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Jackets Open ACC Play at No. 15 Clemson

Sept. 6, 2004

ATLANTA–After opening the season with a non-conference victory over Samford, Georgia Tech begins Atlantic Coast Conference play with a visit to 15th-ranked Clemson Saturday for a sold-out, nationally-televised (ABC-TV) contest at 8 p.m. at Clemson Memorial Stadium.

Led by standout tailback P.J. Daniels, the Yellow Jackets (1-0) dispatched of the Division I-AA Bulldogs with relative ease in a 28-7 victory. Daniels rushed for 169 yards and scored three touchdowns.

The Tigers (1-0, 1-0 ACC), No. 15 in the Associated Press media poll and No. 16 in the coaches’ poll, struck first in the ACC race with a 37-30, double-overtime victory over Wake Forest.

Daniels, who gained 1,447 yards in 2003, is a preseason nominee for the Walter Camp Player of the Award. The Houston, Texas native is joined in the Tech backfield by senior fullback Jimmy Dixon and sophomore quarterback Reggie Ball, the ACC Rookie of the Year in 2003, when he passed for 1,996 yards and 10 touchdowns.

Ball opened the season with a solid performance as he completed 14 of 21 passes for 201 yards and two touchdowns. His targets include senior wideout Nate Curry, the Jackets’ top returning receiver who had three catches against Samford, including a 14-yard touchdown. Senior Levon Thomas caught three passes for 54 yards, while highly-touted freshman Calvin Johnson had two catches for 45 yards in his debut.

Anchoring the offensive line are three returning starters in senior tackle Kyle Wallace, senior center Andy Tidwell-Neal and junior guard Brad Honeycutt.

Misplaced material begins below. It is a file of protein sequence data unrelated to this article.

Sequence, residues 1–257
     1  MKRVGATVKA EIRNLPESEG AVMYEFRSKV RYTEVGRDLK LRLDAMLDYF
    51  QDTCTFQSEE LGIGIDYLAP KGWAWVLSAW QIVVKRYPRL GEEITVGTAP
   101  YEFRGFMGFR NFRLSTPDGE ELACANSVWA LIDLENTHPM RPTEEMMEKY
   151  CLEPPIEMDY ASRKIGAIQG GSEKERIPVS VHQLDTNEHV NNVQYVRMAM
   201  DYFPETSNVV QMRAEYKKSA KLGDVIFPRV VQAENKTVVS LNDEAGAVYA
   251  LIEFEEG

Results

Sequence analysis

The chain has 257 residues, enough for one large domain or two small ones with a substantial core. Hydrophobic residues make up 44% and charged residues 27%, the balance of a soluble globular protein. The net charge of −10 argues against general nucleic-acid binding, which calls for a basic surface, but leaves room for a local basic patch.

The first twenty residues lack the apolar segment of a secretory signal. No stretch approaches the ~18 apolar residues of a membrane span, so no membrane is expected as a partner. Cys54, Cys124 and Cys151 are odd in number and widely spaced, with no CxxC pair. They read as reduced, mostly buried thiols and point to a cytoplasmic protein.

Defensively, senior free safety James Butler and junior defensive end Eric Henderson have both received preseason all-America recognition.

After leading the ACC in sacks last season with 11, Henderson pairs at defensive end with junior Travis Parker, a converted defensive tackle, although neither played against Samford. Parker will be back this week, while Henderson is questionable.

Butler, a preseason nominee for the Jim Thorpe Award, leads a veteran secondary that also returns junior strong safety Dawan Landry and junior cornerback Reuben Houston.

Juniors Gerris Wilkinson and Chris Reis, a pair of Academic All-ACC selections, anchor Tech’s revamped linebacker corps after moving there from defensive end and safety, respectively.

Tech faces a Clemson offense led by all-star quarterback Charlie Whitehurst, who passed for 288 yards and two touchdowns against Wake Forest.


Georgia Tech holds a 43-23-2 lead in the series with Clemson, which dates back to 1898. The Tigers have won three in a row, following a four-game streak by Tech. Clemson won last year’s game, 39-3, in Atlanta. The Jackets’ last win in the series was a 31-28 victory over the then fourth-ranked Tigers at Clemson in 2000.

Eleven of the 14 meetings since 1990 have been decided by five points or fewer, including six straight meetings from 1996-2001 that were decided by exactly three points.

Tech has played at Clemson just 12 times since first travelling there in 1974. The Jackets have a record of 4-8 at Clemson, winning two of the last three meetings there.

In the expanded Atlantic Coast Conference, Tech and Clemson will continue to meet each year as permanent rivals from opposite divisions


P.J. Daniels rushed for 169 yards and scored three touchdowns to lead Georgia Tech to a 28-7 victory in its season opener against NCAA Division I-AA Samford at Bobby Dodd Stadium/Grant Field. Daniels, who recorded the seventh 100-yard game of his career, totalled 193 all-purpose yards as he scored on a 25-yard screen pass to go along with rushing touchdowns of 46 yards and one yard. Quarterback Reggie Ball completed 14 of 21 passes for 201 yards and two touchdowns as he also hit Nate Curry with a 14-yard scoring pass. The Tech defense held Samford to 211 yards of total offense, including 42 yards rushing.